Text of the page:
Information Laundering with American Pornographic Actor Johnny Sins

I recently spotted a pretty perfect example of how someone might go about Information Laundering through a public figure. In this case reporter Ken Klippenstein targeted an anti-vaccine proponent active on Twitter. Ken sent the following private message to their account:

A screenshot of a direct message sent to the anti-vaccine account from an unknown Twitter user. The message reads “Hello, huge fan of your work. Admire your outspokenness”. Attached is an image of a man dressed as a doctor, with an anti-vaccine quote overlaid.

In this case Ken pretended to be a fan reaching out to compliment their work. Later, we see the account sharing the same image to their followers:

A screenshot showing a tweet posted from the anti-vaccine Twitter account with the text “Dr John Sims:”. Attached is the image sent via private message detailed above.

The funny thing is, this isn’t a picture of Dr John Sims; it’s actually Johnny Sins, an American adult film star playing the role of a doctor. In this scene the actors are not talking about vaccines (I assume; I’ll admit in this case I am choosing to take it at face value that Johnny had other things on his – mind at the time). Regardless, Ken’s ‘reveal’ of the trickery gained a lot of traction and commentary on Twitter:

A user claiming that the anti-vaccine user’s post demonstrates poor vetting of information.

As an aside, I like to try to keep the amount of anti-vaccine content I push into the public eye very close to zero. Ken’s antics appear to have produced bad publicity for the anti-vaccine user, but some people claim that doesn’t exist; if even 1% of people who viewed Ken’s reveal tweet agreed with the ‘Dr John Sims’ quote, or went to look at other things the tricked user had posted, that would be a not insignificant amount of people that had been exposed to a potentially infectious strain of disinformation (which is why I’ve tried to do a bit of redacting in this article). Anyway, we’re here to talk about what this debacle can teach us about Information Laundering, not to kill any joy people might have gotten out of being naughty trolls on the internet.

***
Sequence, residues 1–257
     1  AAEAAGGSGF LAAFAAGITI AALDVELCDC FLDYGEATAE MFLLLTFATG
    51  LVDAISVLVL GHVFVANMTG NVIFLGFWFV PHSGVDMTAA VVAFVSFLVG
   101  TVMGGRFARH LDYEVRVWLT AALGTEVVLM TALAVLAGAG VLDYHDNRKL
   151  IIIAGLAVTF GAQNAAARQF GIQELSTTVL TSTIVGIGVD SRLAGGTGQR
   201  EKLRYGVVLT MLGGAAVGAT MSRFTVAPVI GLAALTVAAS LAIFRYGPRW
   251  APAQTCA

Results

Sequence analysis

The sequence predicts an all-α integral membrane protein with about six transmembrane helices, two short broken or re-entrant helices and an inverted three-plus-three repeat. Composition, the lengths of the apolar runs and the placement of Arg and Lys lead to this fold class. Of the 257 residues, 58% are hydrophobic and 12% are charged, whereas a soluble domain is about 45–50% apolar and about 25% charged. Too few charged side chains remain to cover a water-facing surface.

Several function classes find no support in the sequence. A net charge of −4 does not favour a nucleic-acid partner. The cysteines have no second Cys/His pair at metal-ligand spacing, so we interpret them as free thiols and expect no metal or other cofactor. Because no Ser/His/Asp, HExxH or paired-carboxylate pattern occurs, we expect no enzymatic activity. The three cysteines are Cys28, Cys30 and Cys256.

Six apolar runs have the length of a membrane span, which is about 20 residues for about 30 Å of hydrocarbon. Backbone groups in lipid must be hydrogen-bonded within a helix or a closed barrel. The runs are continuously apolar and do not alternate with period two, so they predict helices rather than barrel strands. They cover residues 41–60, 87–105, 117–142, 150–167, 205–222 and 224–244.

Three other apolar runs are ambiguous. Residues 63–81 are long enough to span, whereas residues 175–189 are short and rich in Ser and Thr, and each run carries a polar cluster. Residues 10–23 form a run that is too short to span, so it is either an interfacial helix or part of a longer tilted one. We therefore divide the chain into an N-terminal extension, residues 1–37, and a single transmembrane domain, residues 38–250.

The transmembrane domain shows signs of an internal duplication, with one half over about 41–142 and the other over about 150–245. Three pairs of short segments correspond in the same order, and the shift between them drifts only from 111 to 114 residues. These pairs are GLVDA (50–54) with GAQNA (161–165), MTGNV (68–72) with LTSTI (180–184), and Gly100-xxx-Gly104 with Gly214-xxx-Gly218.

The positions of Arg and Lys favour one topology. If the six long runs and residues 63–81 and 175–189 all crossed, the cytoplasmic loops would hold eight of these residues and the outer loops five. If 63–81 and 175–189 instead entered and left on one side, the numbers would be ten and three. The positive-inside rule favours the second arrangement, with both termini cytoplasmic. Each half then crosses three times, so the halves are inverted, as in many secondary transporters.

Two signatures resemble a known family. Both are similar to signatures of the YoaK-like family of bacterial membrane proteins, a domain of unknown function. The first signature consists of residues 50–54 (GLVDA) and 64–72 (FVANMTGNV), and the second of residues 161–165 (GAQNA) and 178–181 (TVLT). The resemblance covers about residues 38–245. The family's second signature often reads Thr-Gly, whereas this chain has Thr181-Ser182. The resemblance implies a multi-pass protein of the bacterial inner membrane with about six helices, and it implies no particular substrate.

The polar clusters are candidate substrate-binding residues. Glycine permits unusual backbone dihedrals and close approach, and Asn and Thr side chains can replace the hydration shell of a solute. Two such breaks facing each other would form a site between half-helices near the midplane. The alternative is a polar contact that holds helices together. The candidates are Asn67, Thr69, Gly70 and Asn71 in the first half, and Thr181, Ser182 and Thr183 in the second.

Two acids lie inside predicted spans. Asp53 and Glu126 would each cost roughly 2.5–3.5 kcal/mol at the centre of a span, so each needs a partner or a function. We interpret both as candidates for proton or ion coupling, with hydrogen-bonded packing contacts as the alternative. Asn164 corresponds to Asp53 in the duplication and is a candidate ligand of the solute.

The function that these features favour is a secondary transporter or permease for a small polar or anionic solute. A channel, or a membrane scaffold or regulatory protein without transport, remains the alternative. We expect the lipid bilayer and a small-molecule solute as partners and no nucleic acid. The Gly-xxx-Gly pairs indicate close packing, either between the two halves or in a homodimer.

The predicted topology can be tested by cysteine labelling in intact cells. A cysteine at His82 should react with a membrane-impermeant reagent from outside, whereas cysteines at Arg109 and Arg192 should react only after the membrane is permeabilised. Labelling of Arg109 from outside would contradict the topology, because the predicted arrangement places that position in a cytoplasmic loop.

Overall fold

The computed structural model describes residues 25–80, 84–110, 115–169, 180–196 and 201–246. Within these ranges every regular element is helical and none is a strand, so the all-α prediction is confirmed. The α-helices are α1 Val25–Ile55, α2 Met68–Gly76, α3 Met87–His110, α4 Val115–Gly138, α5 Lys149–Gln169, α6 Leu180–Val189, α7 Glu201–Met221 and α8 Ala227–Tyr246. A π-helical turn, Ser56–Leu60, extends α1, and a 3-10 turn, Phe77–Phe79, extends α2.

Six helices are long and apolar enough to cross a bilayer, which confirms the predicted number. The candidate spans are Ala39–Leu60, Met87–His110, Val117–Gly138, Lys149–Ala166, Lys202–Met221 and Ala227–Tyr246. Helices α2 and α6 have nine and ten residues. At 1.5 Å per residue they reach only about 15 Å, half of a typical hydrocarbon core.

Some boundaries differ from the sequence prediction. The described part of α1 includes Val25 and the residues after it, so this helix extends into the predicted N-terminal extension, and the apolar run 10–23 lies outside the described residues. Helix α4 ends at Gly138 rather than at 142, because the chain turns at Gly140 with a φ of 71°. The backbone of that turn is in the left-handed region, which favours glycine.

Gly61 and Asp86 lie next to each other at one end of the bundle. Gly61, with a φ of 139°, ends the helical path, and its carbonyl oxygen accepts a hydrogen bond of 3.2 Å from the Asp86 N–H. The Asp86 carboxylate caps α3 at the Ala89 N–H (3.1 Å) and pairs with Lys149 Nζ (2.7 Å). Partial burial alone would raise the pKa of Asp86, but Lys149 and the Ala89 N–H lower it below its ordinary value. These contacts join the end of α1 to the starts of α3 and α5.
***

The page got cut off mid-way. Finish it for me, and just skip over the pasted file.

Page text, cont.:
For those of you who aren’t aware, Information Laundering is when someone produces some disinformation, and tries to get it published or amplified by a particular third party (one which has been researched, and is known to have access to a target individual or group). Typically inauthentic accounts will be put into position to send the message (as is likely the case here; I don’t think Ken’s message would have been believed if sent from his own account).

Relevant stages of the Disinformation Cycle for Information Laundering

This is done to allow threat actors to hijack and exploit the trust people have in a public figure (increasing the probability that a target audience will believe the proposed narrative), and can help obfuscate the source of information (so that researchers can’t figure out what stories aggressors are trying to get people to believe).

Because Ken’s end goal wasn’t to surreptitiously expose his target’s followers to specific content, he revealed how he managed to get his doctored image shared. This is something we don’t often get exposed to; Twitter users usually have no reason to share sources for the content they post, and threat actors certainly wouldn’t publicly celebrate when they pull off this kind of attack.

It shouldn’t be surprising that it took just one private message of support alongside the image for the target to go on to publicly share it to their timeline, but I am a little surprised. I imagined one would need to include something in the messages suggesting that it should be shared, but of course that could appear suspicious – and the operational cost of sending a message to a public figure from a newly created account is so low that it wouldn’t really matter if you only had a 5% chance of success; if it doesn’t work it doesn’t work you can always try another target with a similar audience, you don’t really need to be pushy about it.

Public figures have been a big spreader of disinformation, and in this example we see how easy it is to get someone to share something to their followers. My suggestion; there should be a training program that Twitter users are enrolled in once their accounts gain over X followers, or maybe as part of their verification process. This program would focus on increasing resilience to manipulation from third parties (by the way, you should check out this lesson I made on the topic). The example Ken exposed us to demonstrated a bit of light trolling, but others show cases where Russian backed influence operations use Information Laundering to sow discord related to American protests. So we should probably do something about that.